1. Make the class references the namespaces from the NUnit and System DLLs:

    using System;
    using System.Web;
    using NUnit.Framework;
    using NUnit.Extensions.Asp;
    using NUnit.Extensions.Asp.AspTester;

  2. In the class declaration line, add the [TestFixture] attribute to let NUnitAsp know this class contains tests. Then make the class inherit from WebFormTestCase, which provides a Browser property for loading web pages and some extra assertions to check test conditions.

    [TestFixture] public class TestBasic : WebFormTestCase

  3. Make sure that the constructor is public so that external programs (like NUnitAsp) can instantiate the class and call the tests:

    public TestBasic() { }

We are now ready to write our first test. First let's look at the code, and then discuss what it does.

[Test] public void SelectDropdown() 
    string strURL = TestConstants.AppPath + "Simple/Basic.aspx";

    //declare the controls:
    ButtonTester Button1 = new ButtonTester("Button1", CurrentWebForm);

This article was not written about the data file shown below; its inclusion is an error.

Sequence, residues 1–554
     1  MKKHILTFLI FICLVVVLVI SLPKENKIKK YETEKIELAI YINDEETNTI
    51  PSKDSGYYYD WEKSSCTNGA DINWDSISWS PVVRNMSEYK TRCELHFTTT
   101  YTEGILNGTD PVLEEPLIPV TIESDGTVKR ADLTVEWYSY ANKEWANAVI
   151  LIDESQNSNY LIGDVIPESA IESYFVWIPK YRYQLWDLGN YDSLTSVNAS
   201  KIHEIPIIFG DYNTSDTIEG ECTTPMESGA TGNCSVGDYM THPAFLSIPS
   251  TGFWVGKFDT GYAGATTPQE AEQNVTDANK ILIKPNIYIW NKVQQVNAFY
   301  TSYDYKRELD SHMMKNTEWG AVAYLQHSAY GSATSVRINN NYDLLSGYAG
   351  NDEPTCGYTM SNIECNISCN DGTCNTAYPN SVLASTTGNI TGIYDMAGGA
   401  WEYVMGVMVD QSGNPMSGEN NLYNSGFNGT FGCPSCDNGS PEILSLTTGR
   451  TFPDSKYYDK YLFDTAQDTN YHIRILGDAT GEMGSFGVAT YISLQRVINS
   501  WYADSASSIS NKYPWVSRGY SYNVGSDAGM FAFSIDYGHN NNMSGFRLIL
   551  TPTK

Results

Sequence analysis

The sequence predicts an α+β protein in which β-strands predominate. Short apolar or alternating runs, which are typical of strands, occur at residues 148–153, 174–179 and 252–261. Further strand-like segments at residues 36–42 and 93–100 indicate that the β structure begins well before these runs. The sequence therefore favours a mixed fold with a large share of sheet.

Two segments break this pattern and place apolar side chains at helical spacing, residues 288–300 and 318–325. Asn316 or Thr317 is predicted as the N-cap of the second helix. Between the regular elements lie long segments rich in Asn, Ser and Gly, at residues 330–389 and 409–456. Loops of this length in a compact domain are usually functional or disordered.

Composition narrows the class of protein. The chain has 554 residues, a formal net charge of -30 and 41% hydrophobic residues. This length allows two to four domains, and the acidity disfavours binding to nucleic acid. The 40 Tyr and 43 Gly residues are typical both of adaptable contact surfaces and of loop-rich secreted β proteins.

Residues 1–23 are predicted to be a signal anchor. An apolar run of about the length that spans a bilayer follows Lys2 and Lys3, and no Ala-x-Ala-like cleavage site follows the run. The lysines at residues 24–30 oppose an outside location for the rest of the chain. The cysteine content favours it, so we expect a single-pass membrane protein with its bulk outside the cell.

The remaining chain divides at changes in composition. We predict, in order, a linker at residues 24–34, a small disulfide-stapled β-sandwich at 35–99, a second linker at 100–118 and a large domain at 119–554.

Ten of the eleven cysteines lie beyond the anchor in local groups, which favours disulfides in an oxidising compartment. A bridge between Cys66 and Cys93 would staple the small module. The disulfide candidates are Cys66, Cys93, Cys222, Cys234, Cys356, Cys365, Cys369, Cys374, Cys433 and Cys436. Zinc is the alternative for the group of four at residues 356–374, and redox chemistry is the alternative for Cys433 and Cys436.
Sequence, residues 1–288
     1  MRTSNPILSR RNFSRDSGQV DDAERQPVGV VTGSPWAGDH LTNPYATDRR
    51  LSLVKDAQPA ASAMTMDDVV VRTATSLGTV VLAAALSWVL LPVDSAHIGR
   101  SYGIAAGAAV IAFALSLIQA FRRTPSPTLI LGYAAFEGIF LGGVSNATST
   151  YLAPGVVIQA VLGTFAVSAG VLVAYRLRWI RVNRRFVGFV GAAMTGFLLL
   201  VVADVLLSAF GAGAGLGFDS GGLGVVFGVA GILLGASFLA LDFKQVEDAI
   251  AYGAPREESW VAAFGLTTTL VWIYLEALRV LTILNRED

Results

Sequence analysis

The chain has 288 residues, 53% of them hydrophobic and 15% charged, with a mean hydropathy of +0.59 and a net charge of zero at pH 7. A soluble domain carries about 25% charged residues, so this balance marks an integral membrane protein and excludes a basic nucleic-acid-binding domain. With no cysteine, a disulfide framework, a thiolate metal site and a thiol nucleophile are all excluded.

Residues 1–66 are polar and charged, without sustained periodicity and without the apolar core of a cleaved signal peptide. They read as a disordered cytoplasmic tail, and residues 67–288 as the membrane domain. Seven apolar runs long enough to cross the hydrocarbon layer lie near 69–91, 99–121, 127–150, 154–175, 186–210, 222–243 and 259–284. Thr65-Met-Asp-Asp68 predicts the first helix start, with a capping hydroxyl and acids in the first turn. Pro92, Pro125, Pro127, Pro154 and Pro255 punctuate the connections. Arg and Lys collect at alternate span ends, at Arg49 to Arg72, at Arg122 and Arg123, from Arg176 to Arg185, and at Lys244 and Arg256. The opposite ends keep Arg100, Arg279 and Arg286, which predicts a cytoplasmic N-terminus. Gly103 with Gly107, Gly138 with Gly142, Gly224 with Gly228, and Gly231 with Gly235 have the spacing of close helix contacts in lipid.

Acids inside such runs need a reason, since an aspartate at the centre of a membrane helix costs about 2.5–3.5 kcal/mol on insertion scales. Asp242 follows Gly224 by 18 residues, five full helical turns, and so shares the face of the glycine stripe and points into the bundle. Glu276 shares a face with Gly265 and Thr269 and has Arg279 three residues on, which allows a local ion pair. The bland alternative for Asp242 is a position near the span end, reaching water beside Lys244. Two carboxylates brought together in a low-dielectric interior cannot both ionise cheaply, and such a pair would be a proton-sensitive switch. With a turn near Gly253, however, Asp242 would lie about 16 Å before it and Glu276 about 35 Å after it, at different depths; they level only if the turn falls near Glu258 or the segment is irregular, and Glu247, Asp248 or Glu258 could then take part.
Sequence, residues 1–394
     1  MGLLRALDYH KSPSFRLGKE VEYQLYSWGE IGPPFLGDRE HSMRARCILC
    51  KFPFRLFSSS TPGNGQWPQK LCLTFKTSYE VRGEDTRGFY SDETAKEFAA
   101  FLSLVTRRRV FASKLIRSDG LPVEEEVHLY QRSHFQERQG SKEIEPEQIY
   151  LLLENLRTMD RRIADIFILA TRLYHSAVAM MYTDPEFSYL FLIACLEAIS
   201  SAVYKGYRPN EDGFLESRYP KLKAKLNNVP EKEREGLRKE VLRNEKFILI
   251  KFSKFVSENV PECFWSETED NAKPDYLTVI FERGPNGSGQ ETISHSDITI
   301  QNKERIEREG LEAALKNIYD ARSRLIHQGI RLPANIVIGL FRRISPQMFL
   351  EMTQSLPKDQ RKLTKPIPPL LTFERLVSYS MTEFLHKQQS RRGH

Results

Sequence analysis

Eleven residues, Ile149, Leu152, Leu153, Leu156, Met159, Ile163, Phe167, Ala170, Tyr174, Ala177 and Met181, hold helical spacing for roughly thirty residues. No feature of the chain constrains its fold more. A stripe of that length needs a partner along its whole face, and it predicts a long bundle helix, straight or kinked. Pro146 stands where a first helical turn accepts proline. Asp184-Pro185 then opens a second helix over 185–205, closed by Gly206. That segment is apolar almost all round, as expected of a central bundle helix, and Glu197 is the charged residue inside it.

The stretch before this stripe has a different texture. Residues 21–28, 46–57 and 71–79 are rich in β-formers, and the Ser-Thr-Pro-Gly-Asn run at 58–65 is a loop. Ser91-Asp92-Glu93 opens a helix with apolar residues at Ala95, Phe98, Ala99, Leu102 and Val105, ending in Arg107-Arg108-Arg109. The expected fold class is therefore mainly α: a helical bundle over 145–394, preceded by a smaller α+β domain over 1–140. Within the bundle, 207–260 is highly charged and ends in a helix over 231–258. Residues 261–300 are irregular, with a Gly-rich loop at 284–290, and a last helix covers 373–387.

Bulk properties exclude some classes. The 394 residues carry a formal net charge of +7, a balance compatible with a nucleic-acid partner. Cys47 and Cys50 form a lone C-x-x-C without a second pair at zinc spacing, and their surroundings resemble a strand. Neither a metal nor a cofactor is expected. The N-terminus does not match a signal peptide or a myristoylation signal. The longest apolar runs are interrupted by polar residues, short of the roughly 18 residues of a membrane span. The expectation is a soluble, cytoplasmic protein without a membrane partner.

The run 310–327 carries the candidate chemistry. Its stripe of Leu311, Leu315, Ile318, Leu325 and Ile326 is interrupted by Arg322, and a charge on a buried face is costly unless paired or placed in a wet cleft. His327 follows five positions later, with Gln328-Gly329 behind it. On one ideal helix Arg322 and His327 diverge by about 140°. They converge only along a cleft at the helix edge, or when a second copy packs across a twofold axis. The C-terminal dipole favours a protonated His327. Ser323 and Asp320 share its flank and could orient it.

LabelTester Label1 = new LabelTester("Label1", CurrentWebForm);
    TextBoxTester TextBox1 = new TextBoxTester("TextBox1", CurrentWebForm);

    //run through actions:
    string strValue = "Hello";
    TextBox1.Text = strValue;

    //check values:
    WebAssertion.AssertEquals(strValue, Label1.Text);

} //end of method

The test starts with a standard NUnit method declaration. This requires the [Test] attribute, a void return type, and no parameters being passed in. Next we form the URL for the page to load and send it into the Browser object's GetPage() method. Note that we have abstracted out the domain name (like http://localhost/myprojects/) to a constant class rather than hard code it for all tests.